Move over Avril Lavigne, Olivia Rodrigo's album "GUTS" proves she's truly taken up the mantle as pop-punk's next star.
On September 8, Rodrigo's sophomore album "GUTS" dropped, much to the anticipation and excitement of fans and critics alike.
Though many wondered if Rodrigo could continue with the amount of success she found on her debut album "SOUR," this 12-track, approximately 42-minute pop-punk album not only delivers on these expectations but also builds on her debut album.
"GUTS" came out approximately two years after Rodrigo released "SOUR," and the change in her life over those two years is evident in the album itself. Rodrigo's first album focused on her emotions toward her public breakup with Joshua Bassett, heartbreak and her social anxiety.
"GUTS" still discusses break-ups and relationships, but the album also dives into Rodrigo's issues with imposter syndrome, her anxieties toward her relatively newfound fame and her childhood.
Rodrigo specifically explores her new anxieties in her final track titled "teenage dream," in which she sings, "Yeah, they all say that it gets better / It gets better, but what if I don't?"
Tracks like "teenage dream" showcase Rodrigo's ability to display vulnerability in her music and is probably why, though Rodrigo's subject matter has changed, her fanbase remains equally as passionate as they've always been.
Despite the changing subject matter, Rodrigo's sound in "GUTS" is pretty similar to her sound in "SOUR." "GUTS" rotates from ballads detailing all of Rodrigo's anxieties to pop-punk anthems, with Rodrigo fervently singing and even occasionally screaming about her prior relationships.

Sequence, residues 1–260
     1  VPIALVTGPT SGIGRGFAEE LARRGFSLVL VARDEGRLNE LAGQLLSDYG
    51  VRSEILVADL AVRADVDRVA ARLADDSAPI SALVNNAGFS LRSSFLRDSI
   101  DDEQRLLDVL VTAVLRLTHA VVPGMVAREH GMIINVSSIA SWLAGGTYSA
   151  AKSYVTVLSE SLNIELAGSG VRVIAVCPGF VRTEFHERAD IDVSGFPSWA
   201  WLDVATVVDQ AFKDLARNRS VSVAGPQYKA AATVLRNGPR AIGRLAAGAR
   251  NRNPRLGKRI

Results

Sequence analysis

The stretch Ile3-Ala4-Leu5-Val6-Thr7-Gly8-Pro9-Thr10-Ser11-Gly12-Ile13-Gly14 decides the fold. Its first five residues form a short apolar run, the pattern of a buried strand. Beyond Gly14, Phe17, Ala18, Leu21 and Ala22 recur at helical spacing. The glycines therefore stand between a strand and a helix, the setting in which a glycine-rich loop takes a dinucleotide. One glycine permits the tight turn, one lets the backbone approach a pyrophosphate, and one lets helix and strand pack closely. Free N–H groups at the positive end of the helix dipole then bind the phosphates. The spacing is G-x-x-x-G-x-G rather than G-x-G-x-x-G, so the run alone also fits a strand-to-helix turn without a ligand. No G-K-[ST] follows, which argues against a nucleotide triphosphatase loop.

While ballads like "making the bed" are worth listening to, Rodrigo's best songs continue to be her rock, pop-punk fusion tracks.
Songs like "all-american bitch," "ballad of a homeschooled girl" and, my personal favorite track, "get him back!" are clearly the best ones on the album — the tracks I probably will be listening to after the album's newness has worn off. "Vampire" should also be thrown in there as an absolute anthem that I will definitely still be listening to this time next year.
While I enjoy Rodrigo's ballads and recognize her immense writing talent, songs like "lacy," "the grudge" and "logical" are quickly forgettable. That said, almost every album is going to have less than memorable songs that only an artist's biggest fans will know. So it's not a harsh criticism to be given to Rodrigo, especially considering the album is overall a great listen.
"GUTS" is by no means inventing a new sound. If you didn't like "SOUR" or early 2000s-styled pop music in general, you're probably not going to like "GUTS." She's likely not going to change any already set minds, nor is this album a revolution.
Overall, "GUTS" is an enjoyable album that gives Rodrigo's fans more than what "SOUR" did, which was a good album in its own right. Though the album has some strong bops, I probably won’t be listening to half of the songs after the next two weeks.
But if the release of "GUTS" proves anything, it's that at just 20 years old, Rodrigo beat the one-hit wonder label and won't be leaving the spotlight anytime soon.